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The under-appreciated skill of wasting time



In the week before last’s issue of The Cascade, Martin Castro wrote about compartmentalizing information, and the struggle of juggling multiple projects. In particular, he wrote that he’s “not the best at juggling multiple, long-term goals or projects,” but is “alright at working intensely, and without sleep or relaxation for entire days.” And while I don’t have his force of will to pull all-nighters, I generally consider my own work ethic to be similar, but where Martin finds the juggling of multiple projects to be the tough part, that’s not where the massive workload that all of us, as university students, are dealing with, gets to me.

I’m a terrible procrastinator. I don’t mean that I leave everything to the last minute, either: I mean that quite literally. I am terrible at procrastination. I can do it, and I certainly do spend a lot of time that I could (and should) be working scrolling mindlessly through Twitter, but I have a hard time turning “work mode” off in my brain, and doing something fun. My grades are pretty good, my bosses here at The Cascade seem to like my work, but that’s because if there’s something that needs to be done, I have to do it.

While that’s all well and good for those parts of my life, it can make it awfully hard to relax, to exercise, and to do things just because they’re fun, which are all vital to making it through university intact. While Martin mentions going without sleep or relaxation for a few days, and working on overdrive is a great skill to have when papers are almost due and exams are looming, it’s not so good for your mental or physical health to push yourself that hard all semester long.

Especially in this hyper-connected world, it’s hard to get away from your responsibilities. I’m a planner by nature, so using tools to keep on top of everything is absolutely helpful, but it can also become a looming cloud over my head. I have a Google calendar set up to coordinate everything: it has my classes, due dates, meetings, events, and scheduled work time for each class. It emails me reminders about the important things I can’t forget, and is available at a moment’s notice on my computer or phone. It’s fantastically useful, and I haven’t turned in an assignment late yet. I also obsessively check it multiple times a day, not to see what I have to do at that moment, or if I’m free a certain day in the future, but just to remind myself of what’s coming up.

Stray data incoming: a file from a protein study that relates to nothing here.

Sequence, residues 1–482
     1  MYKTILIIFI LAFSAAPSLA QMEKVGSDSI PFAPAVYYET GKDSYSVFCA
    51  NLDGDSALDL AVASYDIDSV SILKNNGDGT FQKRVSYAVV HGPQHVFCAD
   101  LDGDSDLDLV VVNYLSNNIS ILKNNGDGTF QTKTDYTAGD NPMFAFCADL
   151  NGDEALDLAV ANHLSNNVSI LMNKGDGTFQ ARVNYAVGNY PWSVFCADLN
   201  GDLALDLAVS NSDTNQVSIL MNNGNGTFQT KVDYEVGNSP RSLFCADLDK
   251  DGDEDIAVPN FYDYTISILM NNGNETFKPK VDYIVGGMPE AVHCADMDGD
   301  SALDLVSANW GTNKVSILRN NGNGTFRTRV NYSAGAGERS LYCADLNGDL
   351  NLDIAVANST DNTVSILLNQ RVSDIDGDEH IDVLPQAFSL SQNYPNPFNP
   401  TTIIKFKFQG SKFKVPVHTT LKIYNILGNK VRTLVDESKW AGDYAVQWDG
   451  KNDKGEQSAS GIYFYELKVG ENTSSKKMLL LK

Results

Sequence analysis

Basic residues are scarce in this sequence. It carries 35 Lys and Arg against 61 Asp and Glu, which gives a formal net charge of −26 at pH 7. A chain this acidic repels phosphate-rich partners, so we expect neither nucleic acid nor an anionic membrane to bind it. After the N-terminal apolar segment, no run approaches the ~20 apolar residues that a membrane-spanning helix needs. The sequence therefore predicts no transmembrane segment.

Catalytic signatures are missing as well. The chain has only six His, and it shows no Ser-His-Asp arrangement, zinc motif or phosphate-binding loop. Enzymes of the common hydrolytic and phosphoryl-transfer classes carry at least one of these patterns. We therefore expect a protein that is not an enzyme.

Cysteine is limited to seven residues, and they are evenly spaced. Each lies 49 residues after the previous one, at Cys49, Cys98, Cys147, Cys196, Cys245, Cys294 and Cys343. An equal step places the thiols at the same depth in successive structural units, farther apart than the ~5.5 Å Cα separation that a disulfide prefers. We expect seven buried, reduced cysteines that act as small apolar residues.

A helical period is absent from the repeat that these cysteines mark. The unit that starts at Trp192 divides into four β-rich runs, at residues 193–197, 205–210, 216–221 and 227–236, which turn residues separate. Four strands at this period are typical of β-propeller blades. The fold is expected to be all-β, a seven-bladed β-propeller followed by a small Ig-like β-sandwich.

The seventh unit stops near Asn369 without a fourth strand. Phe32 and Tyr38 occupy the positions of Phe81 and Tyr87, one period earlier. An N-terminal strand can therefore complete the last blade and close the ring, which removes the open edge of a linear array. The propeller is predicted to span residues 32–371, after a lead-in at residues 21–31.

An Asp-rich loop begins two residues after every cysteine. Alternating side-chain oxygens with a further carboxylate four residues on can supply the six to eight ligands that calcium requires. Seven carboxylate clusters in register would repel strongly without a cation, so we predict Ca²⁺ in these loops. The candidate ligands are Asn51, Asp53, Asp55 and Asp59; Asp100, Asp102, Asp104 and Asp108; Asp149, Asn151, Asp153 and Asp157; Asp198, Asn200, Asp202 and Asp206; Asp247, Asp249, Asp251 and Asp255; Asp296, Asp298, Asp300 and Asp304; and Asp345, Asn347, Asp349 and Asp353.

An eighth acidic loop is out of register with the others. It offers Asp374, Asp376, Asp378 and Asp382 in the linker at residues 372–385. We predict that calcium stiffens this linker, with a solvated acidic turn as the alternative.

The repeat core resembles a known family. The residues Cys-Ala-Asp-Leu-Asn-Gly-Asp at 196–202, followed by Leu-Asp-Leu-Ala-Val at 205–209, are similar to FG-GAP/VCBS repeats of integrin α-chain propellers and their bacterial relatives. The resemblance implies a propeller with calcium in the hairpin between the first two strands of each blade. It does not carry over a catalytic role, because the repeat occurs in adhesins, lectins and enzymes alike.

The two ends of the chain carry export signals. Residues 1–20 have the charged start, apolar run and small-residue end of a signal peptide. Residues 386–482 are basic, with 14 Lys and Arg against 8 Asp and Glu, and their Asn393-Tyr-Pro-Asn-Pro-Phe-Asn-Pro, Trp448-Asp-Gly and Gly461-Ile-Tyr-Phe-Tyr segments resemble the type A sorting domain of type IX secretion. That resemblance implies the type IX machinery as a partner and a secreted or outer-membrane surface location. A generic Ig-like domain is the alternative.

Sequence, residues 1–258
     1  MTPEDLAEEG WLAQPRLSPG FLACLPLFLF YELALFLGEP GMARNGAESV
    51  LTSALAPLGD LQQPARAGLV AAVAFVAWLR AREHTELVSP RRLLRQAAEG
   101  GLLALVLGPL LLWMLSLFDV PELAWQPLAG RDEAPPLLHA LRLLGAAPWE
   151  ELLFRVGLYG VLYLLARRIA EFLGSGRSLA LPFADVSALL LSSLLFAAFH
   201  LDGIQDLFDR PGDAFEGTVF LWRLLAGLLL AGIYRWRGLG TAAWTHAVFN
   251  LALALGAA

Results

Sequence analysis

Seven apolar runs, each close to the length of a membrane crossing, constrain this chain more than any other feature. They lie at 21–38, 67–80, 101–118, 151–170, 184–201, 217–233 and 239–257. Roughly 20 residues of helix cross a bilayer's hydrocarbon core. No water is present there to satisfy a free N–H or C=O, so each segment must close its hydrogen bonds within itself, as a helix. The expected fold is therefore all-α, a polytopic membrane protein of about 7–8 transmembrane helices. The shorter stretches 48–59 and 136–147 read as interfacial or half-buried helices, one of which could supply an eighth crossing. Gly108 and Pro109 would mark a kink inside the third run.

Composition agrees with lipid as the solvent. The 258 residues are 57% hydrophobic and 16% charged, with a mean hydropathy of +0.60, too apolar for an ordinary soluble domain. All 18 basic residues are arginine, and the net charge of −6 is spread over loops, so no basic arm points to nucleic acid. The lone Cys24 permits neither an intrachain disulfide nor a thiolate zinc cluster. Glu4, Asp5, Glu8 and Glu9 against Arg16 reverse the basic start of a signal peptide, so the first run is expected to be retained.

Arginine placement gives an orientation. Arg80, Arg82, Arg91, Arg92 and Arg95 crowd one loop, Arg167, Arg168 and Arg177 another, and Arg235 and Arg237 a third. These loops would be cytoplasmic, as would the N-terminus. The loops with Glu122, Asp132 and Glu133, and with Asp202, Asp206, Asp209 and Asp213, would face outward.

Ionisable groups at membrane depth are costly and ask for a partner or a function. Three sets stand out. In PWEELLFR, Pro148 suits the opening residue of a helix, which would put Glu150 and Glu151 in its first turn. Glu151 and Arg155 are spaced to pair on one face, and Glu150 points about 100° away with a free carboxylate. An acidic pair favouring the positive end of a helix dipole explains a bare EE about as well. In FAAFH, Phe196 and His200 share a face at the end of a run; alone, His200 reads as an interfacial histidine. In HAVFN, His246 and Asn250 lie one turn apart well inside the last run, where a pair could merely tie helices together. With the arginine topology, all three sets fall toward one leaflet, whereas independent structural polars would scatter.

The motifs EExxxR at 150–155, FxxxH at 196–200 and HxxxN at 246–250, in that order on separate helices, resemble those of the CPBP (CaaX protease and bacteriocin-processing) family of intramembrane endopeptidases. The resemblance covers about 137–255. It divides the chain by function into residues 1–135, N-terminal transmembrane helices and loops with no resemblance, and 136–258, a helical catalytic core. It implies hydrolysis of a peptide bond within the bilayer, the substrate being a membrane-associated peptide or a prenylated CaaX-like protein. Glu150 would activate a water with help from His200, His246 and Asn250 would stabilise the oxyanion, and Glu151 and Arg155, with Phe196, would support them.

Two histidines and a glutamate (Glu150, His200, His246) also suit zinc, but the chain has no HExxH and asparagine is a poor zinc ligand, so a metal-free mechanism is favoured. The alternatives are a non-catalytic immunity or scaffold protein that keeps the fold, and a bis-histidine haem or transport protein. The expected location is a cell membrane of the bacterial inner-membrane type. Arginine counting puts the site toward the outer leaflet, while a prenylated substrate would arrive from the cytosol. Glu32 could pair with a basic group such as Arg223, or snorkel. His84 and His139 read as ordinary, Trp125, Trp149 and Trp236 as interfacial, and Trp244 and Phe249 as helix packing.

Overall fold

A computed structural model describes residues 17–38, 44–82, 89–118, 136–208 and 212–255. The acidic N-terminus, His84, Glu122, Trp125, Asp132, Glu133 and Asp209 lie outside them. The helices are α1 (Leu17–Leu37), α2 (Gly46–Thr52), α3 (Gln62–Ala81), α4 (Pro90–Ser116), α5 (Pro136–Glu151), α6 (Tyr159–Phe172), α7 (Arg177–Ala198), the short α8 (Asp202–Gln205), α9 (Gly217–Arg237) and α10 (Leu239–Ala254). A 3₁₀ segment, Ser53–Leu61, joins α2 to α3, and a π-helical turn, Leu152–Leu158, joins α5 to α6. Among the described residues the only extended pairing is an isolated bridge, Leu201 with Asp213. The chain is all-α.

So, this semester, I’m setting myself some goals. Maybe, instead of giving 110 per cent in every class, on every assignment, I can give 95 per cent or 90 per cent and still do fine. I’m going to try to set aside at least one day a week as a minimal work day, with nothing scheduled that needs to be done that day. I’m going to try not to let socializing outside of work and school fall to the wayside like it did last year. I’m going to exercise beyond just walking to and from classes with a heavy backpack. I’m going to read for fun, watch movies without multitasking, and actually beat a video game for the first time in ages. I’m not planning to slack, by any means — I don’t think I’d know how if I tried — but on top of the skills I’m going to be picking up in my classes, I want to practice the difficult art of pushing my work aside and saying “I can do that later,” and then to actually relax, and enjoy that time I’ve carved out for myself.

I still have a few years of university left, and I’d rather not burn out before I get there. I know I’m not the only one in this boat at this school, so I’d encourage all my fellow perfectionists to be a little selfish when planning out their time. Give yourself an hour to do something that you used to have time for.

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